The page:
A short film about paranormal investigations? Being a huge Paranormal Activity fan, Negative Image was right up my alley, with a clear vision from director Karl Holt and appropriately paranoid acting from David Moynihan. Following a paranormal journalist who visits an abandon asylum for some magazine cover worthy pictures, but finds more than he bargains for when developing his snap shots. And by more, I mean ghostly apparitions that start to haunt him. But the best parts of Negative Image were technical camera work that really drew out the creepy vibe and squeezed the dilapidated asylum for every ounce of horror, setting the tone early for Moynihan’s strong lead performance. But don’t just trust me, see for yourself as the whole film can be found embedded!
Deer Head Valley
Director: Travis Green
But enough of the serious and dramatic horror, let’s get back into the comedy schtick material. Deer Head Valley is all about mixing sick and twisted humor, cannibalistic natures, and the idea that images can be deceiving, all with distinct character, which is phenomenal for a short film. Green’s picture popped off the screen with vibrant color and established Deer Head Valley as an actual place, not just a set location for a film. There was life, horrific emotion, and fun character acting by lead Ronnie Prouty, a young actor you should definitely keep your eye on. Deer Head Valley was a complete, gripping short, and one I wish I could show you in full.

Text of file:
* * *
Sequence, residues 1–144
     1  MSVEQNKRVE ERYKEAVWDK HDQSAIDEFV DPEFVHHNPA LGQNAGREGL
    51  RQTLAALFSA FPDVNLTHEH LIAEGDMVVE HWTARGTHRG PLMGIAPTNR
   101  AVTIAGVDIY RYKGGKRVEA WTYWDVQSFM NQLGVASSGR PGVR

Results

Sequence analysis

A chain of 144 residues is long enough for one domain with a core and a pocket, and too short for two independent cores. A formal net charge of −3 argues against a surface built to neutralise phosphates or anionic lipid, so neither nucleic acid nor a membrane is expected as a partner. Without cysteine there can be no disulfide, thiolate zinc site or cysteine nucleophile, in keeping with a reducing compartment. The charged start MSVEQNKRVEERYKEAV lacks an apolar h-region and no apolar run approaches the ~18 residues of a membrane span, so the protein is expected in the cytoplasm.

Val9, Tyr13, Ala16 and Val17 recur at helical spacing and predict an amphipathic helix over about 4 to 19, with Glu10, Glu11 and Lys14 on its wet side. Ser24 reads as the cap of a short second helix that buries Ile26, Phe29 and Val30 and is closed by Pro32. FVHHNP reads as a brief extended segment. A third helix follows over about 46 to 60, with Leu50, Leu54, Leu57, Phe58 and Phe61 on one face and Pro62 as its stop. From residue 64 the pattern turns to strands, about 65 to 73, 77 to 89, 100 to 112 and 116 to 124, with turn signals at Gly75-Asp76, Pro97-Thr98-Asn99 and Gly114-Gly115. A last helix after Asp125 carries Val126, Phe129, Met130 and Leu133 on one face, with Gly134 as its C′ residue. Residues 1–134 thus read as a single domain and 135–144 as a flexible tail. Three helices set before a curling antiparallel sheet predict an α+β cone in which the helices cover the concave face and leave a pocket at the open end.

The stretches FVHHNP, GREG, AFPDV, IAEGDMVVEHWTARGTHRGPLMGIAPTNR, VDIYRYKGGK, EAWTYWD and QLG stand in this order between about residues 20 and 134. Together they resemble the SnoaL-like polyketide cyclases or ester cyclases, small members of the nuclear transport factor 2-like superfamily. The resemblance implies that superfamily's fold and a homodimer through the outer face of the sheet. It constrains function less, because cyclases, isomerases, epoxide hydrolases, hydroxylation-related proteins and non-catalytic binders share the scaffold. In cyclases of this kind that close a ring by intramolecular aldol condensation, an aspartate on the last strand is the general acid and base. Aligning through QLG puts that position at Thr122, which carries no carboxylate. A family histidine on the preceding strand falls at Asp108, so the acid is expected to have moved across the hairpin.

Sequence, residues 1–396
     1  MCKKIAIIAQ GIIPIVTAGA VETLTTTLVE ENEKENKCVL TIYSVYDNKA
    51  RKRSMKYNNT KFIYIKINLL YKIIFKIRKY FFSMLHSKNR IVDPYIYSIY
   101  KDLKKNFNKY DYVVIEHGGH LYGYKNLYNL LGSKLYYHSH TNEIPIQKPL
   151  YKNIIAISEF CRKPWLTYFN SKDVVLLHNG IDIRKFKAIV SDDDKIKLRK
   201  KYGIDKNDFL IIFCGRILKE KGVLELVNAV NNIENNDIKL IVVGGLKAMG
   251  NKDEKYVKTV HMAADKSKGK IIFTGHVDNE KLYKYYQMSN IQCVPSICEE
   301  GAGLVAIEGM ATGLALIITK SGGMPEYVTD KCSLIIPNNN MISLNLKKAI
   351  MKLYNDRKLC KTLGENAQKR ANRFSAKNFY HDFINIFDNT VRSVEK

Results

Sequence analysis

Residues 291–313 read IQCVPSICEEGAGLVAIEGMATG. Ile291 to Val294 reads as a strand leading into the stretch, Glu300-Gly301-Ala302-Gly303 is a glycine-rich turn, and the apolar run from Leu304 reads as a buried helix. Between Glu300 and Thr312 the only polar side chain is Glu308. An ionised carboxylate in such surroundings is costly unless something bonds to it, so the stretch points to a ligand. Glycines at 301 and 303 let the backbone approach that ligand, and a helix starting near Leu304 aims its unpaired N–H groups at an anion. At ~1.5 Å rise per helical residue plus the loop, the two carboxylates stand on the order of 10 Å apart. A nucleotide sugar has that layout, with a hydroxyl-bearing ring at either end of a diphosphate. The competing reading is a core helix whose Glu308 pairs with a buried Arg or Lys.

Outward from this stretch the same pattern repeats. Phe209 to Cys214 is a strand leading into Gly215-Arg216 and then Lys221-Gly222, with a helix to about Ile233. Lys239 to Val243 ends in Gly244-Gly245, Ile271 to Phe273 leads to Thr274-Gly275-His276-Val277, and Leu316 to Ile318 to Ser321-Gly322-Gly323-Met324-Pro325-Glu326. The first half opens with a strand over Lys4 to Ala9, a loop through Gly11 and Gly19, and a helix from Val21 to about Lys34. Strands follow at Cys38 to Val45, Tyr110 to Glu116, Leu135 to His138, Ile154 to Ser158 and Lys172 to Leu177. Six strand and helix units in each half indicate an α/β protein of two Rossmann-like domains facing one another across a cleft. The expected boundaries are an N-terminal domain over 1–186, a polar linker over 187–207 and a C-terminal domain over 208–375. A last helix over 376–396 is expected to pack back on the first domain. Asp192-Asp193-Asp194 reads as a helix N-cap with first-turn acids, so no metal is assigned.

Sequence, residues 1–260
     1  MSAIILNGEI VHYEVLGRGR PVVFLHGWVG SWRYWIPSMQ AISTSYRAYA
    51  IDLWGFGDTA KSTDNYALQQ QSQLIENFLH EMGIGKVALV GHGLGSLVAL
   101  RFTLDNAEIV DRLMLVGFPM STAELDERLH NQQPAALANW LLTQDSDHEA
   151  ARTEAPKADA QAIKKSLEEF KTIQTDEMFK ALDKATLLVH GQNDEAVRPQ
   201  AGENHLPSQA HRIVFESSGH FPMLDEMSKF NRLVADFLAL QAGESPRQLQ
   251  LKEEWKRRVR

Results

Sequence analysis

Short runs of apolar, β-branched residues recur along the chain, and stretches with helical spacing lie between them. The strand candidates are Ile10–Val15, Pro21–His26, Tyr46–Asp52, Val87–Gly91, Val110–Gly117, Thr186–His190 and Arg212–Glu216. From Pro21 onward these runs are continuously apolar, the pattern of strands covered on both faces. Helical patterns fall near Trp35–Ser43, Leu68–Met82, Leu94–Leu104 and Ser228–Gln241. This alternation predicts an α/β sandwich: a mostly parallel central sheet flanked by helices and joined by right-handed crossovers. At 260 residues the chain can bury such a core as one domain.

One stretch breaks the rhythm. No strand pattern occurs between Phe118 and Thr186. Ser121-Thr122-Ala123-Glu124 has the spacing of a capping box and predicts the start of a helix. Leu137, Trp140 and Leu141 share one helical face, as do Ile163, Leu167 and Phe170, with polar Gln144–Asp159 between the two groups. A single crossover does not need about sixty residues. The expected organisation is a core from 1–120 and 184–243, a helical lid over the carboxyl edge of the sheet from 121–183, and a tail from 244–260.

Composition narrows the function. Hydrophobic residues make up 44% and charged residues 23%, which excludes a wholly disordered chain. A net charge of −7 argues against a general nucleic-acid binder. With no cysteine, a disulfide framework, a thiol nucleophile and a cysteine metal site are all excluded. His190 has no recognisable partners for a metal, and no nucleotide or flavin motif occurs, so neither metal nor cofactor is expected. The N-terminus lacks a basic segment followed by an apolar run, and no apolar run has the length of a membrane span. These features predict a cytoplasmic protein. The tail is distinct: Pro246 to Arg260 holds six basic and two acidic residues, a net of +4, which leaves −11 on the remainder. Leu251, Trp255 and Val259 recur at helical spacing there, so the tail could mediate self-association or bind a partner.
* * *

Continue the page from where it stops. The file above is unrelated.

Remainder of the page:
Director: Michael Doucette
Continuing in the comedy realm, Sandwich Crazy was a downright blast, as struggling sandwich show owner Gary sells his soul for a microwave that creates the perfect sandwich every time, but of course not without consequences. Soon enough, Gary’s patrons are lined out the door, begging for their next delicious sandwich, and that’s when the food starts talking to him, begging him not slice off a chunk of their body, like a living organism. Yes, you read that right, vegetables start begging for their lives, exclaiming “But I’m just lettuce, I’m all water and have no nutritional value!” Poor Gary, becoming slave to his now booming shop, starts cracking under the now murderous implications of his tantalizingly addictive sandwiches, and all too fantastically for our entertainment. I’m so angry there’s nothing I can link to show you guys just what I’m talking about, scouring the internet for even just a trailer, but nada, just this behind the scenes glimpse which at least introduces you to some important people, and the Onion! Remember the name Sandwich Crazy, and if you ever stumble upon a copy perchance, watch it IMMEDIATELY.